Nonetheless, concern persists about the unusual instance in which a resident's misread film results in a patient being sent home without appropriate treatment or in a patient receiving improper surgery or other therapies. Many faculty in academic radiology departments have debated appropriate off-hours coverage for years. These debates must weigh the fact that residents' off-hours experience is an important part of their professional development, building their confidence and judgment in a semi-independent environment.(6)

Case & Commentary: Part 2

In light of the new reading, the team decided the clinical decompensation was likely due to aspiration and mucous plugging secondary to oversedation from narcotics. The right heart strain noted on ECG was determined to be an old finding from mild unexplained pulmonary hypertension. The patient did not have bleeding complications from the thrombolytic therapy. He was extubated and ultimately discharged to a skilled nursing facility for rehabilitation.

Fortunately, no harm came to the patient in this case. But it might have. How could this error have been prevented? Attending radiology faculty could certainly provide off-hours coverage, but few would want to work through the night on a regular basis. Large radiology departments tend to have very busy night schedules for CT and plain radiographic images. Typically, academic departments are filled with radiologic subspecialists (eg, chest, abdomen, or MRI) who often have limited their practices to selected areas and do not feel comfortable covering cases outside their area. For such departments to provide off-hours coverage with faculty would be difficult indeed, requiring multiple subspecialists to be on every night.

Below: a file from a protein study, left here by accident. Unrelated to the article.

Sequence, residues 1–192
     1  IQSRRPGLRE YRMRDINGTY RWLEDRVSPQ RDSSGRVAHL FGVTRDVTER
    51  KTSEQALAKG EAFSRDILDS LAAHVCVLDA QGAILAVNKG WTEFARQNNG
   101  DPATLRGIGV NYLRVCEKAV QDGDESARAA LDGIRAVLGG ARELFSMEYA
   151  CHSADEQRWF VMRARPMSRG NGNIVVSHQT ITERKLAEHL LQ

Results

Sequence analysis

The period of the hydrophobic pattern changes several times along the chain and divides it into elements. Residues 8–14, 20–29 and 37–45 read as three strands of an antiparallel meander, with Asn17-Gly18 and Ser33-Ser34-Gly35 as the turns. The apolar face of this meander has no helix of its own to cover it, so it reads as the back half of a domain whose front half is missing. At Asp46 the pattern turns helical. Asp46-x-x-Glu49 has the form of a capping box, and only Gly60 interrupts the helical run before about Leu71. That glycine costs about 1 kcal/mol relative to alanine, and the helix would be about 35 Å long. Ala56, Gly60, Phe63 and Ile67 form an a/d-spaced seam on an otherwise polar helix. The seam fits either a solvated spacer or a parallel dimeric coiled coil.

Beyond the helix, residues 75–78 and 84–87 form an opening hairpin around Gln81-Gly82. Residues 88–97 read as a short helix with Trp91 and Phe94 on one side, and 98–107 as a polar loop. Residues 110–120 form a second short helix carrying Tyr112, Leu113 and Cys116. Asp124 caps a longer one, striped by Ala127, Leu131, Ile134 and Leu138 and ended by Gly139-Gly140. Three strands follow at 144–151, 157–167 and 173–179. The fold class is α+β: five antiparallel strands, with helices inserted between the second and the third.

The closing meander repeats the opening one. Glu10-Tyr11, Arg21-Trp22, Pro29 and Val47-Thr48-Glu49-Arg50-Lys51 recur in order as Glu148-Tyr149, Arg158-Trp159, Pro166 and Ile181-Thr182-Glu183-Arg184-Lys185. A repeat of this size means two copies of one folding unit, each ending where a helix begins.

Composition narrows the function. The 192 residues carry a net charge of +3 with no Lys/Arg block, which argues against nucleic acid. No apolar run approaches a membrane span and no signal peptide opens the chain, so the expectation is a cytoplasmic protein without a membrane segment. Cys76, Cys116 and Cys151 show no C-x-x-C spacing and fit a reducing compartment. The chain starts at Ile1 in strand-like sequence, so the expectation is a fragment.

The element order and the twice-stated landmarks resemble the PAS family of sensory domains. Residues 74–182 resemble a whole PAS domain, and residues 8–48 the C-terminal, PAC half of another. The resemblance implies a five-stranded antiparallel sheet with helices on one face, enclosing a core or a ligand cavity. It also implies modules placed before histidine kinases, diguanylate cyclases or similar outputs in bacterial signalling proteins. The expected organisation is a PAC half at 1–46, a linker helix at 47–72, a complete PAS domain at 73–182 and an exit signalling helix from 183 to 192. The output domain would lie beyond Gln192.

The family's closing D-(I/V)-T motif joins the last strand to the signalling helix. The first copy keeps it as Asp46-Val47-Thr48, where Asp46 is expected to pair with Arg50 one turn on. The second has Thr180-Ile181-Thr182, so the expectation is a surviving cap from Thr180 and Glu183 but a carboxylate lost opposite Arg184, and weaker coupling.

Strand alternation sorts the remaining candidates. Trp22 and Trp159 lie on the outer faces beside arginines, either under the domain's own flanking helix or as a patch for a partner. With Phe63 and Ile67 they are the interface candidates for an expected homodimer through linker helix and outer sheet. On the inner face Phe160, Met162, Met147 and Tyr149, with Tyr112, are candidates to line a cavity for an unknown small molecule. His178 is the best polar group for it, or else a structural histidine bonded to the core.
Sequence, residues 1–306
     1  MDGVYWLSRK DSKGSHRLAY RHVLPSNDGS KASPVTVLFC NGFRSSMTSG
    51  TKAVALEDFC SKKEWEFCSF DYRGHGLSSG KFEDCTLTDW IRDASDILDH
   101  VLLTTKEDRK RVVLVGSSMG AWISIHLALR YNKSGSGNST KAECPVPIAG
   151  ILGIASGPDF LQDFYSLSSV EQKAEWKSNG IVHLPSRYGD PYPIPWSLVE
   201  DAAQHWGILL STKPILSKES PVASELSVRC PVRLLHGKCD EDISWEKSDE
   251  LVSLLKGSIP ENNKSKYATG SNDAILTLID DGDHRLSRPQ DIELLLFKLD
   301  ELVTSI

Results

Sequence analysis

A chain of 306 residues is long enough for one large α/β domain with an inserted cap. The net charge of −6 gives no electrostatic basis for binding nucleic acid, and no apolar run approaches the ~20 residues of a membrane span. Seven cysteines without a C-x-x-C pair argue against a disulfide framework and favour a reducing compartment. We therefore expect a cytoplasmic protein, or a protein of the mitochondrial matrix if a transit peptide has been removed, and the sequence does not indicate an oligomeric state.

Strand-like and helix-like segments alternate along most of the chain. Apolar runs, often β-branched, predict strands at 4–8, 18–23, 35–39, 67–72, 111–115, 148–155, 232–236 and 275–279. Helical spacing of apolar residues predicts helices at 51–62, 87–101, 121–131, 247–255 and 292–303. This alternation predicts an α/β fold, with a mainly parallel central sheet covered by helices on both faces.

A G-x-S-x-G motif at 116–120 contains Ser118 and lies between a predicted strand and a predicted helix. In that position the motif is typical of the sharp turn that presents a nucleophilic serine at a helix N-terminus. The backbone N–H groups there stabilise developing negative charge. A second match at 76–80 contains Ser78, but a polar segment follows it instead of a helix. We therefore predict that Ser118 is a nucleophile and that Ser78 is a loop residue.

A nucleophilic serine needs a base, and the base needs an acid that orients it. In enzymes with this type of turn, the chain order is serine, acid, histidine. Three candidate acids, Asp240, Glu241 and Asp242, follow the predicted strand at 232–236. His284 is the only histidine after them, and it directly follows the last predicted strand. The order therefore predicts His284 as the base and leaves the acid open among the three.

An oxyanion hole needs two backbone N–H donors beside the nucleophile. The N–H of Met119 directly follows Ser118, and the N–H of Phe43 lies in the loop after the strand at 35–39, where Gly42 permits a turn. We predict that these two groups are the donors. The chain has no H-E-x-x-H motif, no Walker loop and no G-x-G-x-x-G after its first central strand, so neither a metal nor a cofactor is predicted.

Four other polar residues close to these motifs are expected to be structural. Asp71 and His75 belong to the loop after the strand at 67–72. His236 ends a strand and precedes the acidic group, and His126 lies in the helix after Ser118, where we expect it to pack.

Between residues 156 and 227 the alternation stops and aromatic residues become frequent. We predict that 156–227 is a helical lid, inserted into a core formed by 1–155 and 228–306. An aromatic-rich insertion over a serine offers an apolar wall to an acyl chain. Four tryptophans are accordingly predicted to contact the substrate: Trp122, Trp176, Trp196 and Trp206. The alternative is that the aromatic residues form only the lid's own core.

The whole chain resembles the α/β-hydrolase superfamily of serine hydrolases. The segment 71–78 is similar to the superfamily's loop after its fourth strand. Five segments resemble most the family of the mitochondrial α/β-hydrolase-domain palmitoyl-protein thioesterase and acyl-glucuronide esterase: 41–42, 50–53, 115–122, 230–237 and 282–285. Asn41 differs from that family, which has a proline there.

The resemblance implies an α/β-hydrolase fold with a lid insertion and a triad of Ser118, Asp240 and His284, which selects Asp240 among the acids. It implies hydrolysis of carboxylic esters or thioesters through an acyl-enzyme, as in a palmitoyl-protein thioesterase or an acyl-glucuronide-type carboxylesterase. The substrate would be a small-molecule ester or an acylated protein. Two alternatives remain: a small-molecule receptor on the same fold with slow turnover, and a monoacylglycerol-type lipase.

Another approach has been the use of general radiologists reading the films remotely through teleradiology.(11) These radiologists can cover a number of hospitals at the same time. Private practice radiologists use these services (which may involve domestic or international teleradiology) much more frequently than academic departments, where residents perform overnight coverage. As these general radiologists lack the subspecialty training found in academic centers, the quality of service may be less.(12) And if a general radiologist only provides the preliminary report and the subspecialist academic faculty reads the film again the next morning, the costs for the services may become quite high, since only one interpretation will be reimbursed.

When radiology trainees provide preliminary reports, back-up support by attending faculty for difficult cases must be readily available. Often, faculty provide coverage from home through web-based access to the Picture Archive and Communications System (PACS).(1) An attending with high-speed internet access can review a single case or a few cases from home overnight. It would, however, be very difficult to provide this level of review for all cases because home access may be slower and offer fewer features than the typical PACS workstation in the hospital.

Residents on call are often reluctant to call the attending faculty, fearing that such calls would signal that they are not capable of handling the situation themselves. To help decrease this underutilization, many departments have established rules for when a resident needs to seek assistance. Ideally, no patient would undergo surgery or other invasive procedure based on radiographic findings without an attending radiologist's review. A safeguard such as this (if extended to the use of thrombolytic therapy) may have prevented the error in this case. In addition to these criteria, when a referring physician in the emergency department or elsewhere in the hospital wishes to have an attending radiologist's review for whatever reason, they should be able to trigger that home review.